The poem "Conceit" contains several themes including arrogance, self-worth, and personal action.
Lawrence attacks the idea of societal arrogance and conceit in the poem. He states it is our conceit that inhibits us from being gods. It is the characteristic that ironically keeps us mortal. He remarks our images of ourselves have created an environment where we cannot be free to act as our individuality demands.
In the third stanza, Lawrence remarks on the ability to truly know yourself. He claims you can only know about yourself. The theme of self-worth begins to appear. The poem suggests a person can know what they want to do in life, but never understand why they want to do it. Lawrence states it is not important to know why and it only leads to conceit.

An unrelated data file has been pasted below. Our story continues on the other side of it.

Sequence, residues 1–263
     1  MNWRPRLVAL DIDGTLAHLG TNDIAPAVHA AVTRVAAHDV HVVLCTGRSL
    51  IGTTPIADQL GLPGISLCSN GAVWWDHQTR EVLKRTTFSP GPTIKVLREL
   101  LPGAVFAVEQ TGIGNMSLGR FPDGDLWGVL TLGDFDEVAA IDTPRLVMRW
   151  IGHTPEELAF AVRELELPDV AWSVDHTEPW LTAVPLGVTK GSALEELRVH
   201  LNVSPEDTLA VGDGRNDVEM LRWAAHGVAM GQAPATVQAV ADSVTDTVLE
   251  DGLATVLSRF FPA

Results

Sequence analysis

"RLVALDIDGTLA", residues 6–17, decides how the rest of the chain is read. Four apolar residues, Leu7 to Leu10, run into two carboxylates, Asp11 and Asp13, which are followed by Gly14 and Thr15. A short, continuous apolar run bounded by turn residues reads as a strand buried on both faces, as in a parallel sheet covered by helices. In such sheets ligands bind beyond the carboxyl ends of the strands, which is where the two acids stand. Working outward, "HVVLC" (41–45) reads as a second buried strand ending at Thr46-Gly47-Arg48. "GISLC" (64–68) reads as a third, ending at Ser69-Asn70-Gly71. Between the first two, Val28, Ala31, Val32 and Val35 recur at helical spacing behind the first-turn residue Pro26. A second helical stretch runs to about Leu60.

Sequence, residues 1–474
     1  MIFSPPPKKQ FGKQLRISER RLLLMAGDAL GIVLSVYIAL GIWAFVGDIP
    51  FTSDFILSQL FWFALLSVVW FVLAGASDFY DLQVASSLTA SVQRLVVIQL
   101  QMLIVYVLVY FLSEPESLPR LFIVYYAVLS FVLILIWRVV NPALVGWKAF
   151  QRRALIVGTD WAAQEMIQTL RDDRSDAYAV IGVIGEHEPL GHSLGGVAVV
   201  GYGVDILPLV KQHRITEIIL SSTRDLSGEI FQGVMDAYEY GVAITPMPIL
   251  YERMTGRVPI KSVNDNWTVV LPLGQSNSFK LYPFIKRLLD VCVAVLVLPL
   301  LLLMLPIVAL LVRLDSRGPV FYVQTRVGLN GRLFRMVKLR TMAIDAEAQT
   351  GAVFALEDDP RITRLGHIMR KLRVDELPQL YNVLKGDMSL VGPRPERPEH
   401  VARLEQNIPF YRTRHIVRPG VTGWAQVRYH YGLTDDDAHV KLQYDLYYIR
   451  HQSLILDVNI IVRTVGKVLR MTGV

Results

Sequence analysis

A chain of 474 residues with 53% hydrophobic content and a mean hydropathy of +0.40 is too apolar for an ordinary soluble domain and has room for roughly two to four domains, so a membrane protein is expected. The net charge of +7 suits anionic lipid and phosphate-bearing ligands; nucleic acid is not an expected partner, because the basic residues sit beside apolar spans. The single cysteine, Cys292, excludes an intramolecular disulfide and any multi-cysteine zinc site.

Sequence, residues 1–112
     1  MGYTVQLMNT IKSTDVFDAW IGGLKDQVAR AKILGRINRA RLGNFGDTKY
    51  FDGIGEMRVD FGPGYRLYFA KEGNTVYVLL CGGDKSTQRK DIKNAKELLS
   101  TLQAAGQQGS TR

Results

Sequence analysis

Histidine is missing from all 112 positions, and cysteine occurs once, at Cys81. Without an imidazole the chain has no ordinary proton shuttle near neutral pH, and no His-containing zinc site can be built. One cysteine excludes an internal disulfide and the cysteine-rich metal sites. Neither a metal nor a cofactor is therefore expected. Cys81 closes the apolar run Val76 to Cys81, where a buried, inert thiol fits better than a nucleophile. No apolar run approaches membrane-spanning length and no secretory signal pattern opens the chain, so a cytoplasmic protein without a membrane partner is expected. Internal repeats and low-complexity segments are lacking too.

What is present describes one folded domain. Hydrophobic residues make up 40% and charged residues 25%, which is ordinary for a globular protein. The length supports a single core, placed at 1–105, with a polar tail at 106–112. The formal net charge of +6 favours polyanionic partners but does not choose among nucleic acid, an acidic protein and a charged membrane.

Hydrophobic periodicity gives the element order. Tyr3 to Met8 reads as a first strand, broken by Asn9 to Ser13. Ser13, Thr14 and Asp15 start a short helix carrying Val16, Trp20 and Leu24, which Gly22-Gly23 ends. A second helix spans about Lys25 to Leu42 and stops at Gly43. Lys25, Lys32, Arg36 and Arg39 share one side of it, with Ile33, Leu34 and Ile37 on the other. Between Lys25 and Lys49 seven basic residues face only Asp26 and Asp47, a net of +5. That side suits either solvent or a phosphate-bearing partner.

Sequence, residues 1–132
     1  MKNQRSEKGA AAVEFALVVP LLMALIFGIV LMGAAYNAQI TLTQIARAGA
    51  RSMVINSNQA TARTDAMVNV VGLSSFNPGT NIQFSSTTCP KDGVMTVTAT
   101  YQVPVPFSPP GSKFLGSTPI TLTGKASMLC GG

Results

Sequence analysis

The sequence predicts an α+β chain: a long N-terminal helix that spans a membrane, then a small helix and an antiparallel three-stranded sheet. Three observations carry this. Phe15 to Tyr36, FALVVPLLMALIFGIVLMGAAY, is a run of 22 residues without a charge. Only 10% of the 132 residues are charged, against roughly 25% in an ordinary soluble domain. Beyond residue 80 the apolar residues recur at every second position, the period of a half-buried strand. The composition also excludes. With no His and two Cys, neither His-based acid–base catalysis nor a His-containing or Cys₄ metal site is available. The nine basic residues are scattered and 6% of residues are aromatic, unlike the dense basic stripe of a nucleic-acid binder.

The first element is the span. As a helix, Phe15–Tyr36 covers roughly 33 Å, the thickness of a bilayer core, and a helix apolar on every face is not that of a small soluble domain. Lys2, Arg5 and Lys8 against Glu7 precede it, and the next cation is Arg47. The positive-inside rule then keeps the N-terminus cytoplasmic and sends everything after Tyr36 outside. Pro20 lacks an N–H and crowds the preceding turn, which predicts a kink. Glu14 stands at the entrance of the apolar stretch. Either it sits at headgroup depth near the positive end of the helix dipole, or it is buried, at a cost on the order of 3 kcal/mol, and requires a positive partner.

The last stanza introduces the theme of personal action. The poet wants to be himself. It is a command and a request of the society. The implication is that being himself will allow him to become a god because he will not be burdened with over-thinking existence.